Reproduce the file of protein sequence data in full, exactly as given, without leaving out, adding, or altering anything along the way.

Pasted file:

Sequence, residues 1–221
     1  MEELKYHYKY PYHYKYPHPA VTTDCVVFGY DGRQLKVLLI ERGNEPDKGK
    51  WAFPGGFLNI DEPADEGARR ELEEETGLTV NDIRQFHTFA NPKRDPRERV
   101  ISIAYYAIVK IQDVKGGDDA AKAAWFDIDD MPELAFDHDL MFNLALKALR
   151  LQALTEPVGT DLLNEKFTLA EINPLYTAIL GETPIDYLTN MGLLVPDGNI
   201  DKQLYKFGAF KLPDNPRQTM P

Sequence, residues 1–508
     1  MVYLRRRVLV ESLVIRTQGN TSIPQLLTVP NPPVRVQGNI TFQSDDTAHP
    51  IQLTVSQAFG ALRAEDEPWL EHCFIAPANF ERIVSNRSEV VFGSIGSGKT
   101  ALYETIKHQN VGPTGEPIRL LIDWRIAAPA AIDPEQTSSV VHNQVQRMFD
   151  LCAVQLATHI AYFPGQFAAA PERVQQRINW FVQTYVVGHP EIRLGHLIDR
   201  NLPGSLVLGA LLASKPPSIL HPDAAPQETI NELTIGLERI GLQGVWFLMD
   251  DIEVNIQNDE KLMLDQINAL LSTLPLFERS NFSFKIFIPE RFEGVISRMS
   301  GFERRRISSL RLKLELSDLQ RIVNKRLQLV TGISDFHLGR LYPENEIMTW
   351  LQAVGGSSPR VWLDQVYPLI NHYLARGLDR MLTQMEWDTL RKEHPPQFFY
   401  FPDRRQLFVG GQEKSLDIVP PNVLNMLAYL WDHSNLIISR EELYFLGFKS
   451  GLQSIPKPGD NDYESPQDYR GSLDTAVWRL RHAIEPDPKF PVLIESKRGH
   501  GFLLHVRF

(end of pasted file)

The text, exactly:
Sequence, residues 1–221
     1  MEELKYHYKY PYHYKYPHPA VTTDCVVFGY DGRQLKVLLI ERGNEPDKGK
    51  WAFPGGFLNI DEPADEGARR ELEEETGLTV NDIRQFHTFA NPKRDPRERV
   101  ISIAYYAIVK IQDVKGGDDA AKAAWFDIDD MPELAFDHDL MFNLALKALR
   151  LQALTEPVGT DLLNEKFTLA EINPLYTAIL GETPIDYLTN MGLLVPDGNI
   201  DKQLYKFGAF KLPDNPRQTM P

Sequence, residues 1–508
     1  MVYLRRRVLV ESLVIRTQGN TSIPQLLTVP NPPVRVQGNI TFQSDDTAHP
    51  IQLTVSQAFG ALRAEDEPWL EHCFIAPANF ERIVSNRSEV VFGSIGSGKT
   101  ALYETIKHQN VGPTGEPIRL LIDWRIAAPA AIDPEQTSSV VHNQVQRMFD
   151  LCAVQLATHI AYFPGQFAAA PERVQQRINW FVQTYVVGHP EIRLGHLIDR
   201  NLPGSLVLGA LLASKPPSIL HPDAAPQETI NELTIGLERI GLQGVWFLMD
   251  DIEVNIQNDE KLMLDQINAL LSTLPLFERS NFSFKIFIPE RFEGVISRMS
   301  GFERRRISSL RLKLELSDLQ RIVNKRLQLV TGISDFHLGR LYPENEIMTW
   351  LQAVGGSSPR VWLDQVYPLI NHYLARGLDR MLTQMEWDTL RKEHPPQFFY
   401  FPDRRQLFVG GQEKSLDIVP PNVLNMLAYL WDHSNLIISR EELYFLGFKS
   451  GLQSIPKPGD NDYESPQDYR GSLDTAVWRL RHAIEPDPKF PVLIESKRGH
   501  GFLLHVRF